In some radiographic applications, however, such as soft tissue applications including e.g. mammography, the density variations may be very small, and therefore the contrast in the recorded images is very low. According to the present invention, a suitable contrast-enhancing agent is therefore introduced into the subject to be examined. The suitable should modify the density of the subject to be examined and introduce density gradients into there. The density of the contrast-enhancing agent may be higher or lower than the density of the subject, but is preferably lower than the density of the subject. For instance, an ultrasound contrast agent may be employed. Contrast agents comprising or capable of generating dispersions of gas microbubbles are preferred, since such dispersions are particularly efficient due to the low density and ease of compressibility of the microbubbles. Thus, ordinary contrast enhancing agents for X-ray diagnostics, such as iodine, which introduce atomic number gradients into the subject rather than density gradients, are less suitable. Further, the ultrasound contrast agent administered to the subject should be sufficiently stable in vivo to be recirculated in the blood stream following administration, so that it may become equilibrated in the blood pool prior to imaging.
Preferably, Compton scattered radiation is prevented from being detected by means of a one-dimensional gas ionization detector including two electrodes, between which an ionizable gas is located, and a radiation entrance arranged such that said ionizing radiation enters said detector sideways between the electrodes, and electrons liberated by interaction between the ionizing radiation and the gas are accelerated in a direction essentially perpendicular thereto, wherein the distance between the electrodes is kept short to essentially only allow radiation collimated in a plane between the electrodes to ionize the gas. Further, the detector preferably employs electron avalanche amplification; wherein only radiation collimated in a very thin plane closest to the cathode electrode will be amplified sufficiently to essentially contribute to the signal as detected.
An advantage of the present invention is that if broadband radiation is used for the detection, there is less need of thick filters, the efficiency of the radiation source is increased, the load on the radiation source can be lowered, and the exposure time can be reduced due to the higher photon flux.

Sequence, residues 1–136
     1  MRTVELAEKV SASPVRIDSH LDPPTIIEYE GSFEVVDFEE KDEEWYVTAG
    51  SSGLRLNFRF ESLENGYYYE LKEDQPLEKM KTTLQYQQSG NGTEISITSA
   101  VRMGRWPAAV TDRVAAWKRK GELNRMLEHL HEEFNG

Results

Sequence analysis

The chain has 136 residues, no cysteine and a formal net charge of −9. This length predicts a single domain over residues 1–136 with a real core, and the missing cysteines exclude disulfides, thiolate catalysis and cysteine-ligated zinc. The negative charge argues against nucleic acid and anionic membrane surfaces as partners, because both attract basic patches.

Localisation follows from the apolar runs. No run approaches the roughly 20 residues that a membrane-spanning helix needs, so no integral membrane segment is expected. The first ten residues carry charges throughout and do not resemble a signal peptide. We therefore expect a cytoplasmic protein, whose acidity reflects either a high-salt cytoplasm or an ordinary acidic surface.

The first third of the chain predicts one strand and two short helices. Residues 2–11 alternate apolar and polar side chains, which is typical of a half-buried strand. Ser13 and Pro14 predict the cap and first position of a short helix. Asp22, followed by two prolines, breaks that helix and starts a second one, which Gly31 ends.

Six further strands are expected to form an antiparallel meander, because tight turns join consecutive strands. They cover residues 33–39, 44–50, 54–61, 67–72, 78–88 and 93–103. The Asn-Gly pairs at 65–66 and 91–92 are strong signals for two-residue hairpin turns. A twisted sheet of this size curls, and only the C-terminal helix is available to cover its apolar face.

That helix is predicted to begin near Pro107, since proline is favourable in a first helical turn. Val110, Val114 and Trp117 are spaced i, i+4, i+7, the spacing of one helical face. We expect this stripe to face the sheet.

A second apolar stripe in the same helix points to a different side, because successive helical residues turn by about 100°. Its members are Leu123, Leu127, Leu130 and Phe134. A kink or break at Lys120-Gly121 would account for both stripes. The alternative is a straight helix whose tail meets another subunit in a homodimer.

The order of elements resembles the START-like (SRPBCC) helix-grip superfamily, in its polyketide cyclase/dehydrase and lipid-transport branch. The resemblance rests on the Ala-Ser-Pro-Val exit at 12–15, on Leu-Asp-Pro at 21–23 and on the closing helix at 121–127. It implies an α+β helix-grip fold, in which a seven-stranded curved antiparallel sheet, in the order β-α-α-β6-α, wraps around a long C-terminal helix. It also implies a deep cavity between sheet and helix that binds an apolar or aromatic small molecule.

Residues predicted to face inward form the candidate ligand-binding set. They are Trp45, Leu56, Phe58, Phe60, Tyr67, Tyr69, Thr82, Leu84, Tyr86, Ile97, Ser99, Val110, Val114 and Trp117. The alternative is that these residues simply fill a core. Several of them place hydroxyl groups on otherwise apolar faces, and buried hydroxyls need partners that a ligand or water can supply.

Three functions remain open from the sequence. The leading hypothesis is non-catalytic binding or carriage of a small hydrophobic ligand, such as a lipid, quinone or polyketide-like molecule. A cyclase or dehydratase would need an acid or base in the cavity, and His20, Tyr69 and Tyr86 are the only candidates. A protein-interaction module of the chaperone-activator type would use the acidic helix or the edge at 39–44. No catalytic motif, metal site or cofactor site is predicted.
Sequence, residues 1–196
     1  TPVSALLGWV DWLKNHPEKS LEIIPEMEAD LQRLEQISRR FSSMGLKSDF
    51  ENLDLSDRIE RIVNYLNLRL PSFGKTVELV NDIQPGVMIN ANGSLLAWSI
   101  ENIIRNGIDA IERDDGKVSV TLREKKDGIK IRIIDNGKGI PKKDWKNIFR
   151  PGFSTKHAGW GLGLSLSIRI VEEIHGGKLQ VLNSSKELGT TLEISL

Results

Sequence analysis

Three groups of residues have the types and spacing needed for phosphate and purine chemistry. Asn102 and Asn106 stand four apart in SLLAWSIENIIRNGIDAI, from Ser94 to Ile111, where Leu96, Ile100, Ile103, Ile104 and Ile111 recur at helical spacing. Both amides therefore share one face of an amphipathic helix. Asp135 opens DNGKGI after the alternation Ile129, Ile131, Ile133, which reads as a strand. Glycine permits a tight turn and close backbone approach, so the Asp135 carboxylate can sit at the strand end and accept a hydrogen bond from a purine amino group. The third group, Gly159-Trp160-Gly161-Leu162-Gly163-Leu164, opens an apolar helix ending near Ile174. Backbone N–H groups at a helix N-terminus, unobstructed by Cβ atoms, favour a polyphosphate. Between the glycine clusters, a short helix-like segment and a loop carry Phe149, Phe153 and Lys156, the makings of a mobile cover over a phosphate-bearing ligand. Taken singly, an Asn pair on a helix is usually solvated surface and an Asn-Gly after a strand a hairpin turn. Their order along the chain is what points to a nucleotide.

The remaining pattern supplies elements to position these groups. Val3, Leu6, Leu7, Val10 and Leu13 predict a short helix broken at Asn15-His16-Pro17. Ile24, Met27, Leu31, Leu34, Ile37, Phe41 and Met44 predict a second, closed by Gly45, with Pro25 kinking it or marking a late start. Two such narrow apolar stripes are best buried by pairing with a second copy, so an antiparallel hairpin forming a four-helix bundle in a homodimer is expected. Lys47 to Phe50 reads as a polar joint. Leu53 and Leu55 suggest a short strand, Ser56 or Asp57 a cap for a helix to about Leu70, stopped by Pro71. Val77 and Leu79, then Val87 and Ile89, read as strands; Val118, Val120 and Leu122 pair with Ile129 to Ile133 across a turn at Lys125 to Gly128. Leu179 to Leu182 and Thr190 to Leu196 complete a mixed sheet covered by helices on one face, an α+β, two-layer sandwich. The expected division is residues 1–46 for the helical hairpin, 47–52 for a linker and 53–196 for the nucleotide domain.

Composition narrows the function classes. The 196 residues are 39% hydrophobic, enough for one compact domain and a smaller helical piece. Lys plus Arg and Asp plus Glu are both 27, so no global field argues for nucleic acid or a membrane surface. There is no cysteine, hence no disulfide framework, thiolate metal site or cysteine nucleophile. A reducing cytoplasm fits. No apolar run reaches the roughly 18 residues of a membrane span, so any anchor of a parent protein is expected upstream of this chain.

Further, since a scattered photon deposits only a fraction of its energy in a subject, whereas a photoelectrically absorbed photon deposits all its energy, the dose to the subject is reduced.
In a particular preferred embodiment of the present invention the above-mentioned novel examination method based on scattering rather than absorption, is combined with an ultrasound examination method. Here, the contrast-enhancing agent can be administered to the subject, after which the above-mentioned novel examination method based on scattering and the ultrasound examination method are performed, preferably simultaneously, using the same contrast-enhancing agent. This is particularly advantageous for mammography examinations, wherein the above-mentioned novel examination method based on scattering provides for the detection of a high-quality image of a breast to be examined causing an extremely low dose to the subject. For instance, the dose may be 20–100 times lower than in prior art X-ray mammography examinations. The ultrasound examination provides an ultrasound image, which serves as a complement for diagnosis. Some tumors will be better visualized in the ultrasound image.
Further characteristics of the invention, and advantages thereof, will be evident from the detailed description of preferred embodiments of the present invention given hereinafter and the accompanying
As can be seen in
The Compton scattering attenuation coefficient μCS is fairly constant over a large range of photon energies. It can be seen in
Further, the photoelectric absorption attenuation coefficient μPE is heavily dependent on the atomic number of the elements, of which the matter is comprised, whereas the Compton scattering attenuation coefficient μCS is only very weakly dependent on the atomic number.
Still further, the transmission through matter is dependent exponentially on the total attenuation coefficient μTOT, on the density ρ of the matter, and on the thickness t of the matter according to:
Thus, provided that ionizing radiation with photon energies high enough so that Compton scattering dominates over photoelectric absorption is passed through matter, the transmission through there is only very weakly dependent on atomic number of the matter, and the actual photon energy, but strongly dependent on the density of the matter. This is in sharp contrast to the case where photoelectric absorption is the dominating interaction mechanism. Here, the transmission through the matter is not only strongly dependent on the density of the matter, but also on the atomic number of the matter as well as on the actual photon energy employed. Thus, if ionizing radiation with photon energies high enough so that Compton scattering dominates over photoelectric absorption was used, it can be broadband radiation without having to perform complex calculations to compensate for any strong photon energy dependence.